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Friday before the Gronk-less Patriots

Posted by Darren Urban on September 9, 2016 – 3:41 pm

The last time the Cardinals played the Patriots, the Patriots had Tom Brady, and Rob Gronkowski, and Aaron Hernandez when that was someone you wanted. The Cardinals had Kevin Kolb at quarterback, Ryan Williams at running back, and Quentin Groves was a key linebacker. The game was in New England. And the Cardinals won.

It was improbable yes, and took a no-way-to-predict Stephen Gostkowski 42-yard field-goal miss to make happen, but it did. (We won’t reminisce about the 2008 New England trip, the time before that the Cards had played the Patriots.)

But if the Cards can knock off a Brady-Gronk Pats team in New England, what about a Brady-less-perhaps Gronk-less Patriots in Arizona, against a much stronger Cardinals’ roster Sunday night? We’ll see. If there is any coach that can make an inexperienced Jimmy Garappolo work at QB, it’s Bill Belichick. The Patriots are still strong, although they are missing some key components.

Still, if you are as good as the Cardinals should be, this is a game you should win, at home. Really no way around that. And there is no question this team is better than that 2012 squad, despite that win in New England en route to a 4-0 start. (Yes, they finished 5-11. We all know how that ended.)

— The Providence Journal reported that Gronkowski was among a couple of questionable injured players — including former Cardinals guard Jonathan Cooper — who did not fly with the team to Arizona Friday. It’s been pointed out that the Patriots have in the past and could still fly them to Arizona Saturday. But short of a private plane, you’d think it’d be easier to fly banged-up players on a big charter and let their bodies get used to the new surroundings for a day. Officially questionable, could Gronk miss this game too? It’d be a huge break for the Cardinals, for sure.

UPDATE: Gronkowski, Cooper and tackle Nate Solder have all been downgraded to out for Sunday’s game. That’s huge news.

— The story all through camp is whether newbies D.J. Humphries at right tackle and Brandon Williams at cornerback can hold up as starters. We’ll see. Humphries noted today that vet Evan Mathis is set to give him an adjustment if he messes up. Meanwhile, Kyle Odegard writes about why Williams is driven to make this NFL thing work even when people wonder about his late move to cornerback. (Hint: They are 7 and 2 years old.)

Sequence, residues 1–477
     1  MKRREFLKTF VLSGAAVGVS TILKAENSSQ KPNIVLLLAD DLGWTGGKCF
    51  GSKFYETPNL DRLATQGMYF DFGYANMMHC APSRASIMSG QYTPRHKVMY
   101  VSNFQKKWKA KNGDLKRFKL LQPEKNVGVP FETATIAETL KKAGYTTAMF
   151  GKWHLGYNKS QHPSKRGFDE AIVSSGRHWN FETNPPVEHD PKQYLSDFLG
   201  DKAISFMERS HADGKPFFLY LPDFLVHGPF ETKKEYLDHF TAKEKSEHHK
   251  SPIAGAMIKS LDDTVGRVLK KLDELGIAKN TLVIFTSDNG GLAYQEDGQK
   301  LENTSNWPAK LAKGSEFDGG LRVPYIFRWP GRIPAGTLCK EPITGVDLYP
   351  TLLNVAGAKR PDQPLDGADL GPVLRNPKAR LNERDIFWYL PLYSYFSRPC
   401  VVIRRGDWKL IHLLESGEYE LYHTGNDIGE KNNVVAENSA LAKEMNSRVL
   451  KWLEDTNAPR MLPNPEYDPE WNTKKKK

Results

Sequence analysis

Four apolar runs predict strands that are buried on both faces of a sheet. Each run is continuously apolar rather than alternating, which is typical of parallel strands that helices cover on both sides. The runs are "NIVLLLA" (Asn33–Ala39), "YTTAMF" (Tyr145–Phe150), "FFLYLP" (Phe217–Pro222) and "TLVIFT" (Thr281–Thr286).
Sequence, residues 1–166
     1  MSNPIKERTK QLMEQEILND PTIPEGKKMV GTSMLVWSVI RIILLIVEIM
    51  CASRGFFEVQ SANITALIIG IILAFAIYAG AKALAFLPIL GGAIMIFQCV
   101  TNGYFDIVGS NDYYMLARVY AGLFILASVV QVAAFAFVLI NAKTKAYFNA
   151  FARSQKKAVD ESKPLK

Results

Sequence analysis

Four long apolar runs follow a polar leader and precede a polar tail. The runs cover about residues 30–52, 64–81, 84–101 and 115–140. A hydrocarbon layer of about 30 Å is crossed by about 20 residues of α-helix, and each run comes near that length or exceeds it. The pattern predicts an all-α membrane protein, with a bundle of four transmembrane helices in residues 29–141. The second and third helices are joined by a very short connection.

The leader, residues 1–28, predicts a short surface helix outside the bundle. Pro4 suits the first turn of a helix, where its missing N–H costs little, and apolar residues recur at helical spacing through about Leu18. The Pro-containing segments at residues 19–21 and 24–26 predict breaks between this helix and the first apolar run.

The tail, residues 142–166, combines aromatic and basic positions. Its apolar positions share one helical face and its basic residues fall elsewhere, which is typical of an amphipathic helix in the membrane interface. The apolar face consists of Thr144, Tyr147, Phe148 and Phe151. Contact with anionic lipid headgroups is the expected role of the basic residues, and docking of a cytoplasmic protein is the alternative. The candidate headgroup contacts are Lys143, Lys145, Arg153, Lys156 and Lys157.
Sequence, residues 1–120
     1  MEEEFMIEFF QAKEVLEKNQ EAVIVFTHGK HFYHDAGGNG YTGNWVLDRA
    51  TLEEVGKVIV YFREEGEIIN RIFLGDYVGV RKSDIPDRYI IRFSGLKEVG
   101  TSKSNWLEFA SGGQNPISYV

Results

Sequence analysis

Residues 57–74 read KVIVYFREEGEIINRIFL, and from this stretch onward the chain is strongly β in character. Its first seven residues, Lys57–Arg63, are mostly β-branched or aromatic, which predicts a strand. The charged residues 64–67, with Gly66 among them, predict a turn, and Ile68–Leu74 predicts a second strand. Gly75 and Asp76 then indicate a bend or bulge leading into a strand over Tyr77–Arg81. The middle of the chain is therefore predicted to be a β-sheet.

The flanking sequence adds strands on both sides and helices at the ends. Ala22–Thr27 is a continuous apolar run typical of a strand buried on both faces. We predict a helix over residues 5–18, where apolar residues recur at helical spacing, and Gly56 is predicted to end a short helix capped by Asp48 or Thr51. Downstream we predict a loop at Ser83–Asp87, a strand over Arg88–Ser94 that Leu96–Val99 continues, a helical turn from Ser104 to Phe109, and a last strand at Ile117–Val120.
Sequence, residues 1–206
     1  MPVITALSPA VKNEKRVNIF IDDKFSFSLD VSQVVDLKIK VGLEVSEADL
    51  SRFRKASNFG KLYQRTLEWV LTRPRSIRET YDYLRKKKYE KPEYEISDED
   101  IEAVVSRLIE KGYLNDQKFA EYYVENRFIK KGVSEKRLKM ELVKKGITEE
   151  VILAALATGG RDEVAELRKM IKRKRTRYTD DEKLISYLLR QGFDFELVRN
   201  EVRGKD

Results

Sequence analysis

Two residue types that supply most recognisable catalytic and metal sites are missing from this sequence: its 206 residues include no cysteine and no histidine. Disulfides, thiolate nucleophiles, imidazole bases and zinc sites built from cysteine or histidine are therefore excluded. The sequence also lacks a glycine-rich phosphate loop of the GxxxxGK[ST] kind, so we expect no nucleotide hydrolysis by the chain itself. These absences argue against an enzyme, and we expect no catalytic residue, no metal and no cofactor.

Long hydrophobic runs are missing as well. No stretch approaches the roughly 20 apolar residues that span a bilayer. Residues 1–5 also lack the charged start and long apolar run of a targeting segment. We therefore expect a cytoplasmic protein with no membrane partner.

— New Cardinals linebacker Chandler Jones said he didn’t have much insight he could deliver to his new team about his old team.

“One thing I do know about the Patriots, they will try to expose certain weaknesses,” Jones said. “That’s what they do. They study our weaknesses or who is the weak link on the team and they will try to expose it. that’s one thing you have to look out for.”

— Jones is going to have to play a big role. Don’t know how much the Patriots will let him get off in the pass rush, but this is the guy the Cards have been yearning for and he’s going to have a heck of a spotlight right out of the blocks.

All those times we talked about Larry Fitzgerald potentially being traded to the Patriots seems silly now, to be honest.

— Great line about starting center A.Q. Shipley from offensive coordinator/offensive line coach Harold Goodwin, who emphasized he has a lot of confidence in Shipley: “He knows about being told he’s short, he’s fat, he’s chubby and he’s got short arms, so he’s always trying to prove everybody wrong.”

— In case you missed the first Cardinals Underground podcast of the regular season, here it is.

— What to expect from Tyrann Mathieu? Everyone, from players to coaches, talk about how the Badger is back to being the Badger. But when Mathieu talks, there is definitely a pump-the-brakes aspect to his comments. I know Mathieu was disappointed with how he played the last time he returned from a (much worse) ACL injury. He’s made no secret of that. Maybe he’s just trying to temper expectations, especially his own. But I expect Mathieu to be able to play just fine, thank you.

— The parking lots open at 1:30 p.m. Sunday, for those asking.

— The past is the past, but under Bruce Arians, the Cardinals are 25-5 outside of the NFC West and 10-2 against AFC teams. The AFC East, of which the Patriots are part of and the Cards face this season, is the lone division the Cardinals have not played under Arians.

Here we go. Safe to say this is the most anticipated season for the Cardinals since they arrived in Arizona (2009, when the Cards were coming off the Super Bowl, was close, but no one thought that team was as good as this team.) See you Sunday.

beforepatsblog


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Definitely no Brady versus Cardinals

Posted by Darren Urban on July 13, 2016 – 7:24 am

Patriots quarterback Tom Brady’s attempt for a new hearing for his four-game Deflategate suspension was turned down today by the U.S. Court of Appeals for the Second Circuit, meaning — again — Brady won’t be playing against the Cardinals in the regular-season opener at University of Phoenix Stadium on “Sunday Night Football.”

Brady still could appeal to the Supreme Court, but that course of action (which would likely be an attempt to at least get a stay for the suspension, pushing it perhaps to 2017) is a longer shot than the Second Circuit move.